A rim-blown, oblique flute made of reed, the Turkish ney has six finger-holes on the front and a high-set thumb-hole on the back. A feature that distinguishes it from similar instruments of other cultures is the flared mouthpiece or lip-rest, called a bashpare, traditionally made of water buffalo horn, ivory, or ebony, but in modern times many are plastic or similar durable material. Like most rim-blown flutes, the Turkish ney is played by blowing a narrow airstream at an angle against the interior edge. Besides the finger holes, the pitch is altered by adjusting the embouchure, angle and force of the breath, with more forceful producing the higher pitches. Compared to most fipple flutes and reed instruments, the ney is very difficult to play at first, often taking several weeks of practice to produce a proper sound at all, and even more to produce the full range of pitches. A skilled ney player can sound a two-and-a-half octave range or more.
Ney come in many lengths, each producing a different key. Professional players usually possess a range of ney in different keys so they match to other instruments in an ensemble. In some Turkish musical circles, the "pitch" (akord) of a ney is determined differently. For example some refer to the note generated with all holes closed, meaning Davud would be in E, Bolahenk nısfiye would be in D, and Ṣah would be in F. In others, the pitch is determined using the note (perde) which matches A=440 Hz (diyapazon). This pitch is one note higher, e.g., Mansur being A/La rather than G/Sol. The lengths below are approximate, as it can vary somewhat due to the natural characteristics of the wood.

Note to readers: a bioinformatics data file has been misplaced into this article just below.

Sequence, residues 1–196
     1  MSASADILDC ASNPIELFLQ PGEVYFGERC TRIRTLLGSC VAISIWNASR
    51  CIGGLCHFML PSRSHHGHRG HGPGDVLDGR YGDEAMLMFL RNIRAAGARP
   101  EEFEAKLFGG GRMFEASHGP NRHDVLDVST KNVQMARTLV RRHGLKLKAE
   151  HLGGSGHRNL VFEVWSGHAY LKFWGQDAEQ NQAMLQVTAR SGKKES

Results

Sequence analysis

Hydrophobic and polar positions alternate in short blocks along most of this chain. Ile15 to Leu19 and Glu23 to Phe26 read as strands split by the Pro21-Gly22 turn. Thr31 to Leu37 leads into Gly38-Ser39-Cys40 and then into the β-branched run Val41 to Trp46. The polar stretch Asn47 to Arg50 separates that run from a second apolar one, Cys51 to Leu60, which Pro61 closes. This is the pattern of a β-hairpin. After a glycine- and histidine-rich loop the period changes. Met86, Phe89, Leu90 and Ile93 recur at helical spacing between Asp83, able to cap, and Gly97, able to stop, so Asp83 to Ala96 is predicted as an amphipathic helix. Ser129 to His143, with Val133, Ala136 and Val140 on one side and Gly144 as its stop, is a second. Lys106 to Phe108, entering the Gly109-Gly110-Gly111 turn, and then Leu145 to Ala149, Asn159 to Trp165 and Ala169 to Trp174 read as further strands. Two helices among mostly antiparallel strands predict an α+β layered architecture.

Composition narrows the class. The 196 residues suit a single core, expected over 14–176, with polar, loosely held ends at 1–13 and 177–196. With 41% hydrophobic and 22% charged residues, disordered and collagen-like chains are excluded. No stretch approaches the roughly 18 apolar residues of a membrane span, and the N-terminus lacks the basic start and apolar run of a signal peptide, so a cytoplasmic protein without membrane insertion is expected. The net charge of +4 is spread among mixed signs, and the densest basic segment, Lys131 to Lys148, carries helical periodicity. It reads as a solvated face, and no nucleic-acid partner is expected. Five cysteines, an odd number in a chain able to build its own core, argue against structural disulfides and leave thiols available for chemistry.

One refers to a Turkish ney player using the verb üflemek (blow) although for all other instrumentalists one uses the verb çalmak (play). One might speculate that the ney's close identification with the Mevlevi Sufis might be the origin of this usage.
The classical Turkish ney's closest relatives in other countries, the Arab nay and the Persian ney, do not use a mouthpiece, but rather blow against the sharpened edge of the tube. In Turkish folk music, one type of ney (dilli kaval) has a fipple; the other type (dilsiz) is a rim-blown oblique flute, as is the Turkish classical ney. The Bulgarian kaval, a folk instrument, resembles the Turkish dilsiz folk ney. The Romanian nai is a panpipe rather than a flute, but may be related etymologically and morphologically.